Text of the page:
Cindytalk - touchedRAWKISSEDsour [Handmade Birds - 2014]
Gordon Sharp's Cindytalk began as an industrial/post punk crossover band with a full band line-up in the 80's, but since reactivating in 2009, has been a pensive ambient noise solo project. His new album "touchedRAWKISSEDsour" is a colorful firestorm of sharp and visceral psychedelic distortion, arranged into undulating loops and hypnotic near-repetitions.
Fans of the at times brutally loud but fiercely adventurous digital noise cassette and CDr community that upsurged after the year 2000 should be right at home on this disk, which reminds me equally of (ex-Wolf Eyes member) Aaron Dilloway's "Psychic Driving Tapes" or the works of classic Japanoise masters like Merzbow and KK Null.
Rhythmically processed static, field recordings and synthetic murmurs create a labyrinth of asynchronous layers, in which sounds are breathing and moving all about the listener. As with KK Null's work and the best synth sourced noise, the strangely pulsing rhythm is conjured by the beatings and modulations of the timbres themselves, rather than any kind of conventional percussive sound. In a similar way to many natural sounds, the listener is aware of a rhythm despite the lack of any actual grid-like consistency.
The insistent, piercing treble frequencies of this album create an immediate hypnotic effect on the mind. For it sheer abrasion, noise is one of the most intrusive forms of psychedelic sound and therefore one of the most powerful. Despite its unabashedly shrill onslaught, this recording invites me in, and distinguishes itself from so many meat-headed displays of harshness for its own sake. This album is well produced, in that the sound space is always filled with rich textures in diverse frequency bands, which are dripping with rich, high quality reverb, for a surreal 'sci-fi' feel.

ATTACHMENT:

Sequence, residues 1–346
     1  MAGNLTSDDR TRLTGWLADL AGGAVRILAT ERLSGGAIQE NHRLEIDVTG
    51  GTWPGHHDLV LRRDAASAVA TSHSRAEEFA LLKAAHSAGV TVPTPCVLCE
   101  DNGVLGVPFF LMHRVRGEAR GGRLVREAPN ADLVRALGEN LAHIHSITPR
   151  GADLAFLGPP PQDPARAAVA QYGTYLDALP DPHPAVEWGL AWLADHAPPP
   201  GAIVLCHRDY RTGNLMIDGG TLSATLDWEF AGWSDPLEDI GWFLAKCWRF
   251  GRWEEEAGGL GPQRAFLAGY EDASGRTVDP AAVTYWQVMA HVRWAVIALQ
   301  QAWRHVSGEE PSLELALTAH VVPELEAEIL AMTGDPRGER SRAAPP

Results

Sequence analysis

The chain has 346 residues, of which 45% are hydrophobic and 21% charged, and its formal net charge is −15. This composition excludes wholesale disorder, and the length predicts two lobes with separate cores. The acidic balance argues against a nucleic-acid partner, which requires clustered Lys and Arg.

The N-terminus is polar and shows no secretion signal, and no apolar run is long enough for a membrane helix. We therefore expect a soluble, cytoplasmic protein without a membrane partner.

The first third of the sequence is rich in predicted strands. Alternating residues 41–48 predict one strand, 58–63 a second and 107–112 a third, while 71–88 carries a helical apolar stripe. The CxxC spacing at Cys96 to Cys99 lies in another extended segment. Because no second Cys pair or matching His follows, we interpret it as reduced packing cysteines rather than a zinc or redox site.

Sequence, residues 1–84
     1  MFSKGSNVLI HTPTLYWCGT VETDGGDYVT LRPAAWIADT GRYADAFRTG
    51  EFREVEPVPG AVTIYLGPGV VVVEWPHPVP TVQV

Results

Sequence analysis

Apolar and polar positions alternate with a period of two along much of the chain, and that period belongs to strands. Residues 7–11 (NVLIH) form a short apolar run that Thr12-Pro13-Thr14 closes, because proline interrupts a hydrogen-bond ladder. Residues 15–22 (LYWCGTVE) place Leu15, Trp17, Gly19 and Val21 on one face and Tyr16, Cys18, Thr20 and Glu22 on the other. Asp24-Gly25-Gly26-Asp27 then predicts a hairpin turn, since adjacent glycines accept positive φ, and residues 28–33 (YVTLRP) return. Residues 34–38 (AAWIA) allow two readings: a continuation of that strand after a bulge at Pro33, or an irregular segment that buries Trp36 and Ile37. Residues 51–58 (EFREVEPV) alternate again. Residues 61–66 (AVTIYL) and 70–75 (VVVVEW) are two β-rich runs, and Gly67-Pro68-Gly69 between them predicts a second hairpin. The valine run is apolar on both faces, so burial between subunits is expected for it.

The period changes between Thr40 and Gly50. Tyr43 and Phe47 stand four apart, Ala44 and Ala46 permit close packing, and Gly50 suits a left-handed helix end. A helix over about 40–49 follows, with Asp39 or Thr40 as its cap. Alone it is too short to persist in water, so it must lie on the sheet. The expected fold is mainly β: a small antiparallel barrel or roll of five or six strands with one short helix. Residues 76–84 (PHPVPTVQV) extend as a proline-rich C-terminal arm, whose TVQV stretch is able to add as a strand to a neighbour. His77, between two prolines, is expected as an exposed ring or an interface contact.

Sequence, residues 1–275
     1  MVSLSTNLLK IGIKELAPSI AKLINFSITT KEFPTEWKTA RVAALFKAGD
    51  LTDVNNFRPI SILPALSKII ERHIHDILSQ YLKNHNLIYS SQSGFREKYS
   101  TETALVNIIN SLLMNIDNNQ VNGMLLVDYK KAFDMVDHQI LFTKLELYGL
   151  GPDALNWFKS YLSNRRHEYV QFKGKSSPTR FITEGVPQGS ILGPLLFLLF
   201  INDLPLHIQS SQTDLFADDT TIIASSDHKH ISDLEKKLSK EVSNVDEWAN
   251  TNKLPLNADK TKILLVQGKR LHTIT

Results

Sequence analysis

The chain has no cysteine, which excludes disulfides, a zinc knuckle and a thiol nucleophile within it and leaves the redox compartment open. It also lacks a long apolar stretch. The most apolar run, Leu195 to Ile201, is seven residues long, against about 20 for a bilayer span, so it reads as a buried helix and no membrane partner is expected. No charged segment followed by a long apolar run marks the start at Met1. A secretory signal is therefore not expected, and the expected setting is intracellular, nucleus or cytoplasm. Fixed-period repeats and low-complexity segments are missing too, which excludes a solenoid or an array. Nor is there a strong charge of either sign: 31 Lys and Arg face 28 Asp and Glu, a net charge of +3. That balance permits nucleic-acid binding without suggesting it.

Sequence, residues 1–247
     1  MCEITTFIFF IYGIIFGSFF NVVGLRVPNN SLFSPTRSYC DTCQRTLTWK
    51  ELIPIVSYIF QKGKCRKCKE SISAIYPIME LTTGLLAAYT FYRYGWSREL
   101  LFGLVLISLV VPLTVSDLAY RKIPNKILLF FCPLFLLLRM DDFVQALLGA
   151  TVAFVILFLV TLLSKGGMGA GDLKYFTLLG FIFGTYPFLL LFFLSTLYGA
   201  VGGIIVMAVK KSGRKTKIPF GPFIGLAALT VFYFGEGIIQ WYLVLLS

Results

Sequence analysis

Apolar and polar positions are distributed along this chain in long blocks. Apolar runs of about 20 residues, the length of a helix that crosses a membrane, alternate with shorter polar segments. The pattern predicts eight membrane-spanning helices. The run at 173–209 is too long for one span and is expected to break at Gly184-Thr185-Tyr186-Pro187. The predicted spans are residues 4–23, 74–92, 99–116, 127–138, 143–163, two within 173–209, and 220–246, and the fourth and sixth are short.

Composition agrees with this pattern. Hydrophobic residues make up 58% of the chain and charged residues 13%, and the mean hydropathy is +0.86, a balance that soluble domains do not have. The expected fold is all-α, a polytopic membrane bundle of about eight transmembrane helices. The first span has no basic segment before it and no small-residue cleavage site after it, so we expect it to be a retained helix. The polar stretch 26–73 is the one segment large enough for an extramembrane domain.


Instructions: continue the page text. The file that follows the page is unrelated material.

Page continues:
Devoid of human reference points, the music has an intensely vertiginous 'out there' feeling. "Mouth of My Sky (Open up and Swallow Me)" is stripped back and empty compared even to the tracks at the beginning of the album, the only consistent sound being a haunted, vaporous iteration of a minor key chillout or dub chord, echoing endlessly across rustling, resonant gusts of windy filter sweep, less insistent as it murmurs into the distance.
The closest we get to any conventional forms of music are the glassy, transparent pads and accompanying minimalist piano found in tracks such as "Yugao". They feel as if transplanted directly early 90's space ambient music, and do a lot for the album's musicality, depth and emotional range.
In conclusion, this is an evocative and transporting bit of otherworldly noise texturing and loop work. Fans of KK Null or Coil's more abrasive side ("Constant Shallowness Leads to Evil") should investigate this. If you like music that pushes the boundaries of mind manipulation through the use of synthetic frequencies, this album is a highly effective space trip.Josh Landry